Author Message
Heather Staas
Post     Subject: Winter grazing

do you have space you can close off access too earlier in the year to "stockpile" for winter grazing?   Even if it doesn't get you all the way through, it can extend the season..
John F Dean
Post     Subject: Winter grazing

Hi Dan,

Welcome to Permies.
Matt McSpadden
Post     Subject: Winter grazing

Hi Dan,
Anne has some great suggestions. I'm going to take her mulberry idea and take it a step further. Mulberry, willow, poplar, and other trees have leaves that are quite edible and healthy to livestock, particularly ruminants. It was common in some areas of the world where traditional hay was not possible or was difficult, for them to make tree hay. They would prune the tree and strip the leaves off to be dried, sometimes baled, and stored like the hay we think of today.

Jack Spirko and Nick Ferguson talk about fodder trees in this podcast. It has lots of good stuff. I'm not sure about specific trees for your area, but the concepts should be the same. I don't recall if they talk about drying it or not in this one.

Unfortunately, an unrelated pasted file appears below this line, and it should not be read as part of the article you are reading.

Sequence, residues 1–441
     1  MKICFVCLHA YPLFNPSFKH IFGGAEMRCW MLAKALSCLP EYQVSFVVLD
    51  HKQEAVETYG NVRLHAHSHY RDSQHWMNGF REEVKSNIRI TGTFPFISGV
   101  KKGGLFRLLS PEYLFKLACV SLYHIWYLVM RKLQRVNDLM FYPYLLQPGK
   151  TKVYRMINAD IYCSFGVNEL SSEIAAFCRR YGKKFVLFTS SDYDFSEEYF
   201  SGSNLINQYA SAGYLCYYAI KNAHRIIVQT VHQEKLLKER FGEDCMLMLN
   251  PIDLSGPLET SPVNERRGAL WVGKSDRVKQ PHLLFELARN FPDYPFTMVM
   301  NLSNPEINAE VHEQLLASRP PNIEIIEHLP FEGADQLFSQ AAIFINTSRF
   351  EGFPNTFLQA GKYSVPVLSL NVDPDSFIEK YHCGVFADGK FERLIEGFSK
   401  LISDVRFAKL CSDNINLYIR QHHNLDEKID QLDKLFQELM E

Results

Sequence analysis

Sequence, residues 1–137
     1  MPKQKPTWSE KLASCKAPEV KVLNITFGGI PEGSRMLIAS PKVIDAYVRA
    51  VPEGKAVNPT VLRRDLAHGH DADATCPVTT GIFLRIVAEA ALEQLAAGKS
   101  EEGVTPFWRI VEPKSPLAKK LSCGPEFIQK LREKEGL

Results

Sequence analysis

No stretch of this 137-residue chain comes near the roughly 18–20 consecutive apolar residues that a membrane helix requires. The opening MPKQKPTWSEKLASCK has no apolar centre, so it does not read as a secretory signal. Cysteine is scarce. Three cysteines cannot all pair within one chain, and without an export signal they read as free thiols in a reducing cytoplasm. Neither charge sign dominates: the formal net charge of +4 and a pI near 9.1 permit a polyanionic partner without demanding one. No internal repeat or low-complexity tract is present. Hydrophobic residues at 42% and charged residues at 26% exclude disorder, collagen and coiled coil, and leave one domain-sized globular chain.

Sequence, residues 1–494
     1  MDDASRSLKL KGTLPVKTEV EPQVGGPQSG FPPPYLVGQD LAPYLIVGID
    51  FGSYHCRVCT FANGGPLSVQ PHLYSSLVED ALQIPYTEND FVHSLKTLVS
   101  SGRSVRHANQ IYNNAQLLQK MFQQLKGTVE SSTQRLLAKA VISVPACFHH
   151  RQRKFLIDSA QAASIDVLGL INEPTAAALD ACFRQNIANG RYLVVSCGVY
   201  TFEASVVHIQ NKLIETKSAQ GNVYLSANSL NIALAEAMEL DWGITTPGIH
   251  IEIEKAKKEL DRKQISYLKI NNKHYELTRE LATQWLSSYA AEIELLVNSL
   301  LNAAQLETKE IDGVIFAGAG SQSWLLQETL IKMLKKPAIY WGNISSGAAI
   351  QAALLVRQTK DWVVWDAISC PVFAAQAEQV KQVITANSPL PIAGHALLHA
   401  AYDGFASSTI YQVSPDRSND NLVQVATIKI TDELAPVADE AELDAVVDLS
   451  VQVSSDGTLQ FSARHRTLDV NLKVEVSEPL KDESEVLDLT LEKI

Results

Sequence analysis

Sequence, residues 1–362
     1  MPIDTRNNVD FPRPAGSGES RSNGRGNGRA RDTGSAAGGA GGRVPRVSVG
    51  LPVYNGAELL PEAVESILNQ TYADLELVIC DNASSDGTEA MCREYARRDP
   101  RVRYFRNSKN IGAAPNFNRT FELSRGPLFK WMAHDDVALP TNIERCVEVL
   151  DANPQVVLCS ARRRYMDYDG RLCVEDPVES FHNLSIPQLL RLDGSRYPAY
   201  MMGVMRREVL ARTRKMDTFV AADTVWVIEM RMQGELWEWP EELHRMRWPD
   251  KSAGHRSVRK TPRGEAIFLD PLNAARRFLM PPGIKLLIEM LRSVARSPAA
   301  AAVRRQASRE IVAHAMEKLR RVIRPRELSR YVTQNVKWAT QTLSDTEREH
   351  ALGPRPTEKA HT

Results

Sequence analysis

Anne Miller
Post     Subject: Winter grazing

Now is a good time to plant trees like mulberries, chinquapin, dogwoods, crab apples, staghorn sumac, and other fruit trees.

Also, birds and other wildlife would enjoy native Hollies, northern Pigeon grapes, Wild rose, trumpet honeysuckle, native viburnums, and serviceberries.

I am looking forward to the perennials other folks might suggest.
Dan Manfeld
Post     Subject: Winter grazing

I'm looking for creative ways to feed my birds and other animals during winter.
I usually don't have to feed my chickens or rabbits because they just eat what's available, lot's of grass, fruiting perennials and bugs available even in autumn.
In winter though I have to tap onto whatever grains and food I stored during the warmer months.

Ideally I'd like to plant perennial plants which have edible parts or fruits during the winter months. Winter here is not that cold, snow is a rare occurrence but it happens: I live in Buenos Aires 35° south. I know the ideal might not even exist, but any insight or different aproach is always appreciated.